Wanfei Wu, Intern
Why We Buy: The Science of Shopping, By Paco Underhill (Simon and Schuster, 2008)
Although this was one of my textbooks in the past semester, I really enjoyed reading it. Different from the typical consumer behavior book, retail expert and environmental psychologist Paco Underhill helps us understand some profound consumer behavior theories. For example, freeing a customer's hands with a basket, cart or bag doesn't just make shopping easier, it tends to make customers buy more. Underhill also gives readers a “tour” of some innovative stores and malls all over the world, including the Old Navy in New York City and a mall in Dubai, to reveal what makes them successful. It's full of great tips for marketers looking to attract and keep customers by improving their shopping experience.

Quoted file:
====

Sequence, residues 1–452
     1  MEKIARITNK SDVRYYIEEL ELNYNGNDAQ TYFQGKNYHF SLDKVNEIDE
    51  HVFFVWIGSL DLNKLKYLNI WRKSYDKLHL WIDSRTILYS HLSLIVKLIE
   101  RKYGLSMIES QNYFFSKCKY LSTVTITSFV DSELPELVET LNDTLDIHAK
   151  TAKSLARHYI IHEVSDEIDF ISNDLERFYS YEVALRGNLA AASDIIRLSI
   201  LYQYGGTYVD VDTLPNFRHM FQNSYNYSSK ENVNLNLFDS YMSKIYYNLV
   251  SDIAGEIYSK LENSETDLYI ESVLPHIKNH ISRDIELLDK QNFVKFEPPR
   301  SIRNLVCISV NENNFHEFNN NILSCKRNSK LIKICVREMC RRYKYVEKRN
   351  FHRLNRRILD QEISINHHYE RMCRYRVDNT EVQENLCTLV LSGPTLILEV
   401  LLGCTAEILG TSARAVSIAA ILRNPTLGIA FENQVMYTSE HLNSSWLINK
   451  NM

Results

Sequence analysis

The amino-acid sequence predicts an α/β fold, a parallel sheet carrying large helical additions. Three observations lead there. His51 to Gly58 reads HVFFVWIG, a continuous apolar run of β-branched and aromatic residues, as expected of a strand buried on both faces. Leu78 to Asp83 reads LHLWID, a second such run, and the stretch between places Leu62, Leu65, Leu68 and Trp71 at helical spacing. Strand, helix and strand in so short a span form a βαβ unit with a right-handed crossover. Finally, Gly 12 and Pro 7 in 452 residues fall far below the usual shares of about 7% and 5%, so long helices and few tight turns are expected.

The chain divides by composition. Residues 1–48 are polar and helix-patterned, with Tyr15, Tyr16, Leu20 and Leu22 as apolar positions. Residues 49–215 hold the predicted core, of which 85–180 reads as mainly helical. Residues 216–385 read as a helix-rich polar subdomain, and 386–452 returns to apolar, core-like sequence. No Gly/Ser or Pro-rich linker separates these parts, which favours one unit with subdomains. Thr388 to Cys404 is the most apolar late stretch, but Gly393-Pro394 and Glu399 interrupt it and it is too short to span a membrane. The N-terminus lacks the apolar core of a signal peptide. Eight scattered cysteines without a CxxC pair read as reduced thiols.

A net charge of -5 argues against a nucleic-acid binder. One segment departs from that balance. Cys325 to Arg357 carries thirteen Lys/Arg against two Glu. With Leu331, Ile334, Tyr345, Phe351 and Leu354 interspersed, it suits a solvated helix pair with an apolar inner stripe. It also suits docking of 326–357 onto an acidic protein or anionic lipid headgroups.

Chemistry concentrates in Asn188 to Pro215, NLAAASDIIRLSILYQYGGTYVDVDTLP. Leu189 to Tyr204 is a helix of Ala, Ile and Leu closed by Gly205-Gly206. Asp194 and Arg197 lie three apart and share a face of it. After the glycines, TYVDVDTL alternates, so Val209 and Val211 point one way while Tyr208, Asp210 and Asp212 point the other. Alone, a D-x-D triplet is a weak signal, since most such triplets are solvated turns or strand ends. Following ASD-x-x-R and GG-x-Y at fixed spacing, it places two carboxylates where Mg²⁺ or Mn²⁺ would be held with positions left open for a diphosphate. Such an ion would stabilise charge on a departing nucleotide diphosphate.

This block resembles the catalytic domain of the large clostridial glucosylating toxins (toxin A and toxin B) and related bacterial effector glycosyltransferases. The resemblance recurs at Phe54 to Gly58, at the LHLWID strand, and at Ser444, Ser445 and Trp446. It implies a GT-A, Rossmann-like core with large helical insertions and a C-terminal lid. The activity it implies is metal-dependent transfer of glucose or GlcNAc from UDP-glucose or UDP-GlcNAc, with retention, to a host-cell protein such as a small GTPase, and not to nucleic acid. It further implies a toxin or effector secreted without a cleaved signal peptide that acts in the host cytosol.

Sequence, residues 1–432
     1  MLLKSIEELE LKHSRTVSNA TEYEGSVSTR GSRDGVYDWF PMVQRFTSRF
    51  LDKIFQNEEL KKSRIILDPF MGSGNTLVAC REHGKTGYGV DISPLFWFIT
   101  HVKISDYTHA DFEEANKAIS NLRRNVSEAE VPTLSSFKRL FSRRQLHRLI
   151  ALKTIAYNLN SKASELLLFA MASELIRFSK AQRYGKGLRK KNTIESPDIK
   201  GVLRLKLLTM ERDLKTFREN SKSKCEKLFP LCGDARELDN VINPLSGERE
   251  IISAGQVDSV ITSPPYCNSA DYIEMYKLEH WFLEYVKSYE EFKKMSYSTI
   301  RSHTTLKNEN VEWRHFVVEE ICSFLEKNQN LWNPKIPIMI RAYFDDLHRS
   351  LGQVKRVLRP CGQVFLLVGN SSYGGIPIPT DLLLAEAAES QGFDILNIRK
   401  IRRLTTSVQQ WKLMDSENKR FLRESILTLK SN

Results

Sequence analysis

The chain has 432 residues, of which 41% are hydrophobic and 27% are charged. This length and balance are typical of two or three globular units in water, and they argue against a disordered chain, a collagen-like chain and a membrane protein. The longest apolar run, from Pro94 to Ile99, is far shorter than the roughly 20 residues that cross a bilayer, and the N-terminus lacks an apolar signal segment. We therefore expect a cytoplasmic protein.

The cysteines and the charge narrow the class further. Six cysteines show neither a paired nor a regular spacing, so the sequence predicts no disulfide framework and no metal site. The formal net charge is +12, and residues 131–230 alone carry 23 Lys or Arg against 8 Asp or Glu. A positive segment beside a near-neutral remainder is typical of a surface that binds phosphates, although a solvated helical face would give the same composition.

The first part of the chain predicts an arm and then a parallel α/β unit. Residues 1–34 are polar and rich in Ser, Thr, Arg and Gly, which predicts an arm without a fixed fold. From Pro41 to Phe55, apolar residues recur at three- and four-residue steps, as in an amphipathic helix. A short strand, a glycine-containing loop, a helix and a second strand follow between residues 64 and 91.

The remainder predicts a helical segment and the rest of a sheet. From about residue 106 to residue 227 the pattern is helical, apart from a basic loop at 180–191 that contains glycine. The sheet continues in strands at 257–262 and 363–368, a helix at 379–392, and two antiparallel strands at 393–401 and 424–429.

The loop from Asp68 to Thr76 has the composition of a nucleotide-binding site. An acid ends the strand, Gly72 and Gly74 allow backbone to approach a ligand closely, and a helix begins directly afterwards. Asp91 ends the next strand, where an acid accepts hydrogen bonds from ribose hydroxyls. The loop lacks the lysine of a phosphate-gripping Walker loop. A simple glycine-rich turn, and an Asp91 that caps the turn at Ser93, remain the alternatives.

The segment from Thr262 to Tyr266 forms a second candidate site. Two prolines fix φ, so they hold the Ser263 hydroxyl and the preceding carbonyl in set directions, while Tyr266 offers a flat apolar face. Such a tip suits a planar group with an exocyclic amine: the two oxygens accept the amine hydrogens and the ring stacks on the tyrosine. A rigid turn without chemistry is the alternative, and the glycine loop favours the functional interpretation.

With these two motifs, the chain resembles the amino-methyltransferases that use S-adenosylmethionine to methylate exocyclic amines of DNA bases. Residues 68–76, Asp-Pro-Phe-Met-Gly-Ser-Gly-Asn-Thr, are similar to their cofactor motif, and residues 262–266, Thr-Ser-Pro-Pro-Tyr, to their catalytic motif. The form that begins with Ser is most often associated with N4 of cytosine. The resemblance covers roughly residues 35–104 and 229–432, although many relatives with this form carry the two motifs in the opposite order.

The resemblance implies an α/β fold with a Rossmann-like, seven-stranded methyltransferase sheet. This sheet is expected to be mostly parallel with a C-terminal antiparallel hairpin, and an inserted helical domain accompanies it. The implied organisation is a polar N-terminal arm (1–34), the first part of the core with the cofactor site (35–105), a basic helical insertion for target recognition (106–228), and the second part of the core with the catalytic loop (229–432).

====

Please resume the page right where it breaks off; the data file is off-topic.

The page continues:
Peter Beisser, Contributor
Marvel Comics: The Untold Story, By Sean Howe (Harper, 2012)
This tale of the popular funny book company bursts off the page as an epic story akin to the struggles between its heroes and villains. With the success of today’s film franchises launched from Marvel’s lengthy list of valuable intellectual property, it’s easy to forget where it all began—in the pages of their comic books. Sean Howe tells this 70-year story with an energetic “Pow.” What starts off with the oft-repeated tales of Marvel’s origins becomes a compelling read once Howe rolls past the 1960s. He exposes Marvel’s editorial upheavals, exploitations of creators, bankruptcy and revival. Sad and riveting.
Alexis Henderson, Director of eLearning
The Book Thief, by Markus Zusak (Knopf, 2007)